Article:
Blogs

Will Today’s Tests Improve Airport Security?

In anticipation of ever-evolving threats to airport security, the Department of Homeland Security (DHS) and Transportation Security Administration (TSA) continue to explore and test new ways to enhance airport security and protect the traveling public. Unfortunately, as this article was being created, a terrorist bombing on a train in London was a sobering call for hyper-vigilance and ways to safeguard passengers in all forms of mass transportation as well as people gathered in public places (on the street as well as inside large venues) as we’ve seen in Paris and Las Vegas.

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These are the Best Airports in the World

Since flyers around the globe can choose where they depart from and arrive at, airports are competing for market share. That’s why the World Airport Awards, the most prestigious annual ranking of the world's best airports, is a very big deal. While our scanners focus on balancing two of the key performance parameters addressed by the Skytrax survey—passenger safety and convenience—our airport operations friends have many more to manage, including facility comfort, location of bathrooms, and the language skills of their staff. Ranking results are based on the impressions of nearly 14 million flyers from 105 countries ...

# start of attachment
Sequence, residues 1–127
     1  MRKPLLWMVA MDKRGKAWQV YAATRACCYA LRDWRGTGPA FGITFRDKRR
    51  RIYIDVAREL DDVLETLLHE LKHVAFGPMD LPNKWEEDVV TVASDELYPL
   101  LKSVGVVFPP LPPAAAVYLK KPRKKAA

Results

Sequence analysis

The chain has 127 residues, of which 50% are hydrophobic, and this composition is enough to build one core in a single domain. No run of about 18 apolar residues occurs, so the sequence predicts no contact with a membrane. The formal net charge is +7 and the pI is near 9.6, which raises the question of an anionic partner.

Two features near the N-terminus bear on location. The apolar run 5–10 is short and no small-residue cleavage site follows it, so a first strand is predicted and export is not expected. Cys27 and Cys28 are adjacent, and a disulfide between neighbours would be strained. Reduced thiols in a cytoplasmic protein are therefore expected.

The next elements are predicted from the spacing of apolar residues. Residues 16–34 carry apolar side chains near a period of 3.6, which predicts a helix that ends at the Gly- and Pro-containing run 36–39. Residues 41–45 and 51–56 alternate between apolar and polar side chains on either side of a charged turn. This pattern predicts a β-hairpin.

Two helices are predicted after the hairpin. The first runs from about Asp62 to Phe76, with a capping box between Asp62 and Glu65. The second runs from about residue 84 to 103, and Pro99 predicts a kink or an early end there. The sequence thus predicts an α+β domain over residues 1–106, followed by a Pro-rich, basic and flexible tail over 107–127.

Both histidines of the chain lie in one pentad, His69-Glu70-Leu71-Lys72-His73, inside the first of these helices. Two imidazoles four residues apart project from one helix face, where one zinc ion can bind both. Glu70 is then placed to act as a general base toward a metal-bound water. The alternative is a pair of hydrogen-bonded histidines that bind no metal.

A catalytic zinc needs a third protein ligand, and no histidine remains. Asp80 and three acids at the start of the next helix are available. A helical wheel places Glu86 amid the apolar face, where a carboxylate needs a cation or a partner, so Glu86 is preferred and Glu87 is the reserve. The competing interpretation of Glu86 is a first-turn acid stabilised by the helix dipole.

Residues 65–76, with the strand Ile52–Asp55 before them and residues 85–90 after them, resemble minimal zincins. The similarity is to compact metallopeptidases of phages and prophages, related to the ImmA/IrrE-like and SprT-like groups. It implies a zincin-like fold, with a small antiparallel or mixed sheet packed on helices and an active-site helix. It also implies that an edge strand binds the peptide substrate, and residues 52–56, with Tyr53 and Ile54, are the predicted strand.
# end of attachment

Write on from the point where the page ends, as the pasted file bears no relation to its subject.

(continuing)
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Super Bowl LII Security: Eyes Everywhere and on the Budget

The NFL’s 2017-18 season kicked off last week, and fans are excited about their favorite team’s chances to play in the Super Bowl—one of the most super-hyped happenings in the U.S. that draws world attention and attendance. Whether you view it as THE football event of the year or just another excuse for a party, the big game has to be one of THE biggest security challenges for any host city. And a costly one to boot. Beyond jaw-dropping, security costs for the last several Super Bowls continue t...

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Screening Liquids for Explosives at the Airport

Some screening technologies automatically detect liquid explosives—even if they're in sealed bottles. These detection technologies each have some limitations, however. Some use scattered lasers that hit a target and then reflect back to a receiver device for analysis. Lasers can register the molecular properties of the sampled materials and compare them to a database. The problem with laser devices is that their beams can't get through opaque containers, like ceramic. Another method for detecting liquid explosives involves X-rays. A new alternative—the MobiLab BLS—is the most effective product in the marketplace at screening liquids for explosives. In years past, boarding an airp...

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